To great social media fanfare, "Sharknado 4" will premier July 31, 2016 at 8:00 p.m. ET on the SyFy Channel.
While campy disaster films aren't known for their scientific integrity, the Sharknado series makes some interesting inaccuracies.
But Sharknado fans who live in fear of a shark-filled tornado can rest easy. The idea is completely implausible.
However, weather has been known to cause several head-scratching events ranging from seemingly apocalyptic to downright bizarre.
Animals raining from the sky
Many popular colloquiums suggest animals pouring from the sky - from cats and dogs all the way to men. But the likelihood of any of those events from happening is in the same realm of possibilities as a sharknado.
However, there have been at least four documented instances of frogs raining from the sky. The most recent occurrence was in 2005, in Odzaci, Serbia.
Whirling vortexes of fire
Firenadoes, also known as fire devils, are created when strong winds whip an active fire to create a vortex.
"The heat of the fire rising through the air allows the vortex to strengthen and create the firenado," AccuWeather Meteorologist Eric Leister said. "The firenado can then suck more brush and debris into itself and fuel the fire further."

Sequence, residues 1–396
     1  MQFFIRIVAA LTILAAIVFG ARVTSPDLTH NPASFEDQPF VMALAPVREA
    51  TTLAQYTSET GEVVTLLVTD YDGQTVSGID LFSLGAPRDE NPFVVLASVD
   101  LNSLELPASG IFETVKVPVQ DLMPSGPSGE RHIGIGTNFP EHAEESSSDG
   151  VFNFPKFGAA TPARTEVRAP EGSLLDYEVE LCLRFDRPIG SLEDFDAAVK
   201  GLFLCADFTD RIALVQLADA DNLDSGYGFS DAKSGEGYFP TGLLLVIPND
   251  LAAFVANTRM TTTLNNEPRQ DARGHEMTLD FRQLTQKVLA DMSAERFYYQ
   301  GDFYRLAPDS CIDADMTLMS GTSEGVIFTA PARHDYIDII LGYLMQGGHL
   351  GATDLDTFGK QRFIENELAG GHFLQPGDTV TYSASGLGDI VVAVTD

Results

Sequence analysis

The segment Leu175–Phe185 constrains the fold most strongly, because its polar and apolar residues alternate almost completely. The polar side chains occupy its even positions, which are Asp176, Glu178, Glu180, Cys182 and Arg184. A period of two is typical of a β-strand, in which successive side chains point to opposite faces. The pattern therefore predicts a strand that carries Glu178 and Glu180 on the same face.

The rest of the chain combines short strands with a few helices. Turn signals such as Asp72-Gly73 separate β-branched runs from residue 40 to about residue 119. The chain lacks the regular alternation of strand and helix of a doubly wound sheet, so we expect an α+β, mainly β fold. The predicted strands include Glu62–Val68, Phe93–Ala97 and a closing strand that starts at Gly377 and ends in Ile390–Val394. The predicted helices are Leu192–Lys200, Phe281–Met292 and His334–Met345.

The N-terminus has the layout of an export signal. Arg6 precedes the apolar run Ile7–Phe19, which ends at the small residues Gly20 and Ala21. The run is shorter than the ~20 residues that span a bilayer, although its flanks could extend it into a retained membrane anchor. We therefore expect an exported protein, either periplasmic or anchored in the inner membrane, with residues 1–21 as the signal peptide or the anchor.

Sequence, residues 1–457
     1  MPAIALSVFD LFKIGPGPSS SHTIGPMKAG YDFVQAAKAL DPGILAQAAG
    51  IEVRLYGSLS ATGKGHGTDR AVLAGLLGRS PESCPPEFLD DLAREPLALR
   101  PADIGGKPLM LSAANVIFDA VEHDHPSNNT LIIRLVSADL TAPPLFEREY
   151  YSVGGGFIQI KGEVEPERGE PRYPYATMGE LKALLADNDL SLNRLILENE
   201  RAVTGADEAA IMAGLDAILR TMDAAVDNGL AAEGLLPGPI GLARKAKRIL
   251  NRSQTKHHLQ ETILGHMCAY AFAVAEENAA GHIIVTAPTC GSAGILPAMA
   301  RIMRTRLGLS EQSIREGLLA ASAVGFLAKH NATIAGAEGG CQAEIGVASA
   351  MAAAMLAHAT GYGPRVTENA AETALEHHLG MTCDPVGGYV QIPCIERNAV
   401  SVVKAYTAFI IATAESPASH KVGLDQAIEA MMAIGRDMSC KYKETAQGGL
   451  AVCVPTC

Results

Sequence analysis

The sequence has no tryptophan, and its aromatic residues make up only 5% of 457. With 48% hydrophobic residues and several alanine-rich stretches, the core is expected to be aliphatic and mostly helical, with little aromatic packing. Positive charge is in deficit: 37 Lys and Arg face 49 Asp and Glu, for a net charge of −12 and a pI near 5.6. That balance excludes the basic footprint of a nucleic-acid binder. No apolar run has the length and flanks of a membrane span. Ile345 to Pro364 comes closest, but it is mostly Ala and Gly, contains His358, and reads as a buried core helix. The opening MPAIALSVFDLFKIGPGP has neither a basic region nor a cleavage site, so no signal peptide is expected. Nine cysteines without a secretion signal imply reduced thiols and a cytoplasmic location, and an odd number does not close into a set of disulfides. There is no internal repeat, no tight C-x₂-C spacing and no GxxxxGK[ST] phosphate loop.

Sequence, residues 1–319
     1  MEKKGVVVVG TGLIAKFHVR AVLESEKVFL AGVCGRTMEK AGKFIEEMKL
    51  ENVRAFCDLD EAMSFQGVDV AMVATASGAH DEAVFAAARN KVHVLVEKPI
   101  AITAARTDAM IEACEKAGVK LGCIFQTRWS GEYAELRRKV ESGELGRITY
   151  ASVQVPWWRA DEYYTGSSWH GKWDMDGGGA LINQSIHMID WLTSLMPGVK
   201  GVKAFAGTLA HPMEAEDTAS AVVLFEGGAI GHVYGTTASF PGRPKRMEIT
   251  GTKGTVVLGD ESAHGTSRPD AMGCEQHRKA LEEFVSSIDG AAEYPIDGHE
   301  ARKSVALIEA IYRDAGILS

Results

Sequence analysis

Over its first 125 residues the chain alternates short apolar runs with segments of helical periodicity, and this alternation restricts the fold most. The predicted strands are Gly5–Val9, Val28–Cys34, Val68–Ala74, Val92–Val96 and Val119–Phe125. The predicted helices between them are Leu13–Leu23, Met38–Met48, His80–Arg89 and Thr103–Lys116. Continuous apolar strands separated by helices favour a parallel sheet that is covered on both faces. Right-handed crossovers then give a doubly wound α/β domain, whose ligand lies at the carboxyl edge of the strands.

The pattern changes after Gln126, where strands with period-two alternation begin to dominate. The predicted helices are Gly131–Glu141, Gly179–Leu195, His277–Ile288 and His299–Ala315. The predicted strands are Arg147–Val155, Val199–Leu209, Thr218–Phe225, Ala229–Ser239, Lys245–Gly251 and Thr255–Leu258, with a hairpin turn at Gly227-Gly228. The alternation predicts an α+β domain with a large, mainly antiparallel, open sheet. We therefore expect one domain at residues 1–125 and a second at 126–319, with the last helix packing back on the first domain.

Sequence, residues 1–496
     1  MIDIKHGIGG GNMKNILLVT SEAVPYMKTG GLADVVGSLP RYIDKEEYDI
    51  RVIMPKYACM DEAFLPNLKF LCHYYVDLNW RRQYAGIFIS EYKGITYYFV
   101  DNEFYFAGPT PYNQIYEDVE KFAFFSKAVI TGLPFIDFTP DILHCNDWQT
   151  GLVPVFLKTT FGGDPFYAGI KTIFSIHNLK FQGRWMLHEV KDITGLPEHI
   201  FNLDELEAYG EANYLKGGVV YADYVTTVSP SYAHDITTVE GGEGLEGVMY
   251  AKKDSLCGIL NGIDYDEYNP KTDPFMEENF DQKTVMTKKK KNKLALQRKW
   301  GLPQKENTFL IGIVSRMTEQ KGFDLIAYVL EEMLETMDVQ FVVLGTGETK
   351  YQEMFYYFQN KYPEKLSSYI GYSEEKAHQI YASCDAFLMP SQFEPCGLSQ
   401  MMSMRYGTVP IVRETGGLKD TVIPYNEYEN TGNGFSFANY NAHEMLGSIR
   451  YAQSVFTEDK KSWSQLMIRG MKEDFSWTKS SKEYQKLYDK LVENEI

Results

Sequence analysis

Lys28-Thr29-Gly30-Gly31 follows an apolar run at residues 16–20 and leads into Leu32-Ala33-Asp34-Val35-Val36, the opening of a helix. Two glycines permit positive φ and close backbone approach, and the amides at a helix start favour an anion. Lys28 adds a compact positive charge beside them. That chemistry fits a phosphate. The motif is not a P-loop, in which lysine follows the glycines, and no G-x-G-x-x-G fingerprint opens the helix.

This phenomenon can be extremely dangerous, with some reporting to be able to launch embers miles away.
Bugnadoes darken skies
Though not a weather event, when an ominous vortex of bugs appear to darken skies, the name seems only fitting.
In March of 2014, residents of Vila Franca de Xira, Portugal, witnessed a swarm of red locusts formed into a "bugnado."
AccuWeather Senior Meteorologist Bob Smerbeck said the tornadolike appearance was likely due to a combination of wind and thermal uplift from the sun creating warmth on the ground.
While the film's star, Tara Reid, insists a sharknado could happen, the only real menace to society it presents are out-of-control hashtags.
However, fans of the film can watch out for many of the rare but conceivable weather phenomenon that happen around the world.